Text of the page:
- Patrick Maflin
Now that the dust has settled and hysteria has subsided, we can take a look at the actualities of what Brexit means for the housing market. In reality, the fears of a housing price crash after the vote to leave the EU have not materialised. House prices are growing steadily; by 0.5% in July according to Nationwide.
In its monthly house price report the Mutual said the average UK property price is now £205,715, having increased by 5.2% over the last 12 months.
These figures are based on the first month following the referendum, although the Mutual was quick to point out that because its data comes from mortgage offers, it is likely to reflect decisions to buy property made beforethe vote.
Robert Gardner, Nationwide’s chief economist, said: “It is important to note that, in constructing the index, we use data at the mortgage offer stage – this means any impact from the vote may not be fully evident in July’s figures, as there is a short lag between a buyer making the decision to purchase a property and applying for a mortgage.”
He added that the housing market outlook was unusually uncertain, but said other factors are at play in addition to Brexit.
“Housing market transactions were always likely to soften over the summer after the surge in activity in March, as buyers brought forward purchases of second homes to avoid the stamp duty levy, which took effect in April,” said Gardner. “Determining how much of any fall-back in activity is the result of the tax changes and how much is due to the referendum will be difficult.”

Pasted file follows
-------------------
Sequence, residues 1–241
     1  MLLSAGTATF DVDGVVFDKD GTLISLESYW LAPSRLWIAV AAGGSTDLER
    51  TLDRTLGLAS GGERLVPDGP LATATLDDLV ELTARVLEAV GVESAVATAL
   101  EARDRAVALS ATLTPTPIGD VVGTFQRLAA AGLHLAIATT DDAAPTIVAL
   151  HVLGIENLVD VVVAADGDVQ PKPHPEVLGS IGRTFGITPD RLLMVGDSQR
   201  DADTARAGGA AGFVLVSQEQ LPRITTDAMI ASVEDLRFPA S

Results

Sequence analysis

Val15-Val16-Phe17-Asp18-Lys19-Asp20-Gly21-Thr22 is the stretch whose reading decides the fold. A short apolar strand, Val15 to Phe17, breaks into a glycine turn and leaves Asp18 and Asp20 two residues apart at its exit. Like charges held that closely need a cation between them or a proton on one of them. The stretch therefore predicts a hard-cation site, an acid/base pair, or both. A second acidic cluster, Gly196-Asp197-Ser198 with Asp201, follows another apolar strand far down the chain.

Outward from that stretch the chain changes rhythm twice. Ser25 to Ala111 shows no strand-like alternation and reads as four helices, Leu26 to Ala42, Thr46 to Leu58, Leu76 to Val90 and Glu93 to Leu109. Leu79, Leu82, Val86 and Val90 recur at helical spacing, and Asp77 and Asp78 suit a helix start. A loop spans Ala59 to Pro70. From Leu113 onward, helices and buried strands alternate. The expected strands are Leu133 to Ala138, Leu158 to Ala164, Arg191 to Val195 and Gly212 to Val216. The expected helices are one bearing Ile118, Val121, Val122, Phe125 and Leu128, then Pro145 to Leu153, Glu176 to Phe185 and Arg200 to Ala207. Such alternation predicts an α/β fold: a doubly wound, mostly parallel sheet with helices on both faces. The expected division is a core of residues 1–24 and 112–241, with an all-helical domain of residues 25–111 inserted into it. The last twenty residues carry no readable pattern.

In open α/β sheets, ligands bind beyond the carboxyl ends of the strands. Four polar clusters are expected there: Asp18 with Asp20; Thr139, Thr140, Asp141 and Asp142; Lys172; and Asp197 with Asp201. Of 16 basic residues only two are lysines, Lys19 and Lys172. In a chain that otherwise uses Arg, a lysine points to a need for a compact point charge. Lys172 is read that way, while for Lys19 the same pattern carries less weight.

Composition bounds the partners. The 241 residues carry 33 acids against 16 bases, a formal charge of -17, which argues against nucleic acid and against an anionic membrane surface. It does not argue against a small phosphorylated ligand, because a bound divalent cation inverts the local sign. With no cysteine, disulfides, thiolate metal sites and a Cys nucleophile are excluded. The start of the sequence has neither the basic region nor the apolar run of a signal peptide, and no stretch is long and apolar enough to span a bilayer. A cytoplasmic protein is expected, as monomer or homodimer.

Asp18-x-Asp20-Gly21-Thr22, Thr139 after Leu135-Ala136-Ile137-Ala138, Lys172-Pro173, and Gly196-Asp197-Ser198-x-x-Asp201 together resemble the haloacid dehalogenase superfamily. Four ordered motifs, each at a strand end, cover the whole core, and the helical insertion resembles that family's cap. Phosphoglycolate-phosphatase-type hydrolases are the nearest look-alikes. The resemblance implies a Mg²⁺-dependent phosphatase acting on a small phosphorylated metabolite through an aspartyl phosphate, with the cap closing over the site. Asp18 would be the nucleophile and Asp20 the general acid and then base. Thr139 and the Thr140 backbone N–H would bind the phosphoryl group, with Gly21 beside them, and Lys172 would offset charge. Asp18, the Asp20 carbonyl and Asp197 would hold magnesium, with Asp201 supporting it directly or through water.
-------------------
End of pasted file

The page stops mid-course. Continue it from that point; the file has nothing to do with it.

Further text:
Ian Thomas, co-founder and director of LendInvest, added: “There is an acute shortage of new housing being built, and with an interest rate cut apparently on the horizon, borrowing will become even cheaper. Demand will continue to outstrip supply.
“The Prime Minister has talked about wanting to ramp up housebuilding, but now we need action. This isn’t an issue that can be kicked into the long grass.”
Commercial property funds could end up benefitting from Britain’s exit from the European Union, as foreign buyers take advantage of the weak pound to snap up British assets, according to the asset manager Henderson. Furthermore the FTSE 250 is up 046pc on the day trading at 17,344- which sees it back above the level it closed at before the Brexit vote was announced on June 23.
All signs point to the fact that the UK ecomony is bouncing back from Brexit and so for those of you who are stalling and waiting to see what will unfold it might be worth revisting the idea of investing in property before the markets gather pace once more. In addition the mortgage rates published this week show that there has never been a better time to borrow with some lenders offering mortgage products at interest rates as low as 1.67%. This is something that we could have only dreamed of pre- 2008.
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